In Microcosm, CERN's science centre

LHC and black holes?

Hugely interesting? Scary? Whatever your personal approach to the unexplored is, two things are 100% sure:

  • the creation of black holes at the LHC is very unlikely

  • if black holes will be created, they will be 'quantum' black holes, that can NOT harm the Earth

Discover why collisions at the LHC are safe, through questions asked by the public and answered by experts who have accurately studied the situation

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Nobody really knows what black holes are and how they behave. They can be dangerous!

This is incorrect as a general statement. Standard black holes, namely what remains after a big star collapses at the end of its evolution, are quite well understood theoretically, and there are several examples of objects in the sky that match the expected properties very well. In the case of microscopic black holes, the correct statement is that we don't even know whether they exist!

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Is there an intention to create black holes with the LHC? How will that be done?

The LHC has not been built to create black holes. The LHC is being operated to study the behaviour of elementary particles and forces at energies higher than previously studied. One object that the LHC is expected to produce is the Higgs boson, a very innocuous particle that we believe is responsible for the masses of the other particles we already know (the electron, the quarks, etc).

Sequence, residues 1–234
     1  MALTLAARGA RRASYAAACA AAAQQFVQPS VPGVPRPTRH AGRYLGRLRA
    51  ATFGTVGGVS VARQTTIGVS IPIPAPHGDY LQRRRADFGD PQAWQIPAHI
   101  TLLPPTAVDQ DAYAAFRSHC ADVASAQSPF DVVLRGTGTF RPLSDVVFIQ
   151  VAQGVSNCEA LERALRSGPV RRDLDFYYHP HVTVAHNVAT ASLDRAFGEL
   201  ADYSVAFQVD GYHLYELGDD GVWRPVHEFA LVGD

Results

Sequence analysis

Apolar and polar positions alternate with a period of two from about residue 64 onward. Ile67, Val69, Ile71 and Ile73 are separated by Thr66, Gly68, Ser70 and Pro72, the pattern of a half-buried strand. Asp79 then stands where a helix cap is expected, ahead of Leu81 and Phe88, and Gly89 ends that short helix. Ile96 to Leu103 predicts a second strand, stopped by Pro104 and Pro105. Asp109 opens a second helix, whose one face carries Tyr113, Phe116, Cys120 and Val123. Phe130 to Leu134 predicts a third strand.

The LHC cannot create the type of black holes we see in the sky as a result of the collapse of stars that run out of fuel. This is because the energy required to do that is 10 million billion times (1016) larger than the energy available at the LHC. The black holes that are under discussion are objects that could only appear if some hypothetical theory is realised in nature. This theory suggests that, beyond the three spatial dimensions we experience (plus time, which can be regarded as an additional dimension),  our Universe has some extra dimensions. These could have a "size" of about 10–16cm (0.000....001 cm, with 16 zeros in between). Since the LHC can explore such distances in virtue of its energy, if this theory is correct, then we could create them. Many theories are based on the idea that there are extra dimensions, but typically these are much much smaller, well below the reach of the LHC. Only a small subset of theories has this peculiar feature. There is no current indication in our understanding of the world that these specific theories are right, they are just speculative exercises. And, when these scenarios are put to test in experimental situations other than the LHC, one can already today conclude that it is rather unlikely that indeed sizes accessible to the LHC are allowed. Ths is because, if they were true, then other phenomena would have appeared, which have not been seen in a series of other measurements performed in the very recent years. But if black holes exist, they will be created, and if so, we'll want to study them, together with other possible new particles that other theories predict.